I'm sorry if you feel that a Nursing Home/Dementia unit will feel like a failure, but it might be that your Mother, like mine, recognises the one you choose as a better place. My Mum had been torturing me for years with the "I suppose now you want to put me in a home" remark, so I was shocked when she took to her new place so well.

I know, from reading your blog, that you will consider this carefully and check out every option until you find something you feel is the best solution for you and your Mom. I hope you are as fortunate as we have been.



Anonymous said...

My mom wandered too and based on comments by the people who interacted with her during those journeys, she really was in another world. (Double-keyed deadlocks kept her in but her protests were agonizing.)

I think it's best to assume their reality is not our own and, as you said, logic is right out. In my mom's case, memory seemed to be confined to habitual behaviors, very happy events and very scary ones. Being "put away" falls under the latter category. The day-to-day details were just lost in the fog.

That said, do look for alternatives. I had to put my mom in an Alz unit. She required 24/7 care and I just could not do it. When her mom got to that point, she and two of her siblings took care of her for as long as possible -- yes, three very capable, healthy adults with a single focus and it was too much for them.

You may find that there are waiting lists. Adult daycare may be an interim option. Do let them know you're having health problems, waiting lists aren't set in stone.

You're at the point that was hardest for me. All the emotional and logistical stuff collided when I was in a bad spot of my own. Bottom line: one person can't take care of an unpredictable person 24/7 for very long.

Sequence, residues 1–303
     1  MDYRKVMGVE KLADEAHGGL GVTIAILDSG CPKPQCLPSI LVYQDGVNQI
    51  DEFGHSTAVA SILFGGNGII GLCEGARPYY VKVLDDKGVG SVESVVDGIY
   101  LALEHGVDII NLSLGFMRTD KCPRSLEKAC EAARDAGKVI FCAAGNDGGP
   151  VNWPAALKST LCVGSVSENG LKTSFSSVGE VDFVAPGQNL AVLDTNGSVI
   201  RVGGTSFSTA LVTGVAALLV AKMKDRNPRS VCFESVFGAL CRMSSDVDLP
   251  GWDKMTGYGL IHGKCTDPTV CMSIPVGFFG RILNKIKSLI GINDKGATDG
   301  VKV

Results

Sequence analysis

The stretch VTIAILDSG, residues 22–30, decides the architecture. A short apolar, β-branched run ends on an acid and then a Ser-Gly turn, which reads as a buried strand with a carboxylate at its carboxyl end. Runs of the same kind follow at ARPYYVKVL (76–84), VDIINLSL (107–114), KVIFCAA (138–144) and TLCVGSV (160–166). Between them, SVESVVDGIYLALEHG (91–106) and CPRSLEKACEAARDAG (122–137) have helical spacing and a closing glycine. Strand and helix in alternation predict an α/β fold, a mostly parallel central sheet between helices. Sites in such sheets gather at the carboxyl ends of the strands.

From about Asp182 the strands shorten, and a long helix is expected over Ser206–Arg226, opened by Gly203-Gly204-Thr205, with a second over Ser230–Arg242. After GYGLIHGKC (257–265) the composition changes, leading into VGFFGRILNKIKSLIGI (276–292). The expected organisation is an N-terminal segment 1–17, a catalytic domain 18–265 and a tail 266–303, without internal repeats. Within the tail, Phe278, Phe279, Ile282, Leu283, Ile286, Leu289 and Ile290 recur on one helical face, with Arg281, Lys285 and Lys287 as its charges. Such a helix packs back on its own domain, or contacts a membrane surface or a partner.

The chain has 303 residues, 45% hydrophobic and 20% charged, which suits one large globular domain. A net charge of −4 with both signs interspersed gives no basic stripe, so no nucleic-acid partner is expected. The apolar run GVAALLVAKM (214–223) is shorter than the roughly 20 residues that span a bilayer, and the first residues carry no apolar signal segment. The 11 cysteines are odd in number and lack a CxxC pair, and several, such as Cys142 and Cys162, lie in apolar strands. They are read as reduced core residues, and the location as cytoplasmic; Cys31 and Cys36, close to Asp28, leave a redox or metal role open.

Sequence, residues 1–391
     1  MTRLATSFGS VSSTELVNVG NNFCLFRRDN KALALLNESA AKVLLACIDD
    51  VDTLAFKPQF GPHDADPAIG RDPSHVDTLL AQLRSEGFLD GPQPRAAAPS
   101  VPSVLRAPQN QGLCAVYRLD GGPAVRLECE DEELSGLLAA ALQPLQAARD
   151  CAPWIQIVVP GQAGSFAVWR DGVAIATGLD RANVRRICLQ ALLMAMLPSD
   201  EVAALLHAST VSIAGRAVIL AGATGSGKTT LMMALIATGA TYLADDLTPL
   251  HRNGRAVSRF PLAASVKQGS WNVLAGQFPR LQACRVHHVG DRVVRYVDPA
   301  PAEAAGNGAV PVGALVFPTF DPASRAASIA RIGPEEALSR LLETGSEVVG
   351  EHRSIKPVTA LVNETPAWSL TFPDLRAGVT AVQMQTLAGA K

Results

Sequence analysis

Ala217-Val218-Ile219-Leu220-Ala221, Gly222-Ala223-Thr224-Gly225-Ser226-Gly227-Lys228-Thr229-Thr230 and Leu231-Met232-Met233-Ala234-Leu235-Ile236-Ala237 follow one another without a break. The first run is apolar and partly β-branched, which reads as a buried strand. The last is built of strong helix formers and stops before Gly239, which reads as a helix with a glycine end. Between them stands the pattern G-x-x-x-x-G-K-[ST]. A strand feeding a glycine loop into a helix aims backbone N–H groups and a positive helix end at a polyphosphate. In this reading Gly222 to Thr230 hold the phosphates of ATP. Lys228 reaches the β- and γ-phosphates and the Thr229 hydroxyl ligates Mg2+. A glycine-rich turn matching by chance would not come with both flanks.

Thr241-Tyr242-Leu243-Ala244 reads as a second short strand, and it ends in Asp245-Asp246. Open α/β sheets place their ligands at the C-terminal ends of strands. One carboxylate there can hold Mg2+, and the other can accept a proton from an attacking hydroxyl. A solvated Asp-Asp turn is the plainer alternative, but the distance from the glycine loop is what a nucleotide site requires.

Btw, my mom, who swore for years she would never be dependent on anyone, adapted very well to the Alz unit -- after she escaped the first day and was found walking along the shoulder of a highway five miles away. She was dressed to the nines, including very high heels. Someone mistook her for a visitor and opened the door, heh.

Tilly said...

I'm so sorry that you feel that you now need a nursing home for your Mum - but you are right. What would your mother do, if you suddenly fell ill and had to be taken into hospital? Presumably there would have to be some emergency care for her too - not of her choosing, not of your choosing. Much better to make the move in a planned way - so that you both can cope with the transition as best as possible. I have read your blog for a while - and it's apparent that you have done the best for your Mum. The fact that you feel you cannot cope now, isn't your fault, isn't your mother's fault - and it is far better to recognise that this, for you, is the tipping point. You have already done far more than so many do. I hope that you find a home where your mother is happy - and where you can both find some pleasure in visiting and being visited without the stress of keeper and kept. Be well and be happy. It is, after all, what any mother would wish most of all, for her son. You deserve it. Tilly x

Ruthie said...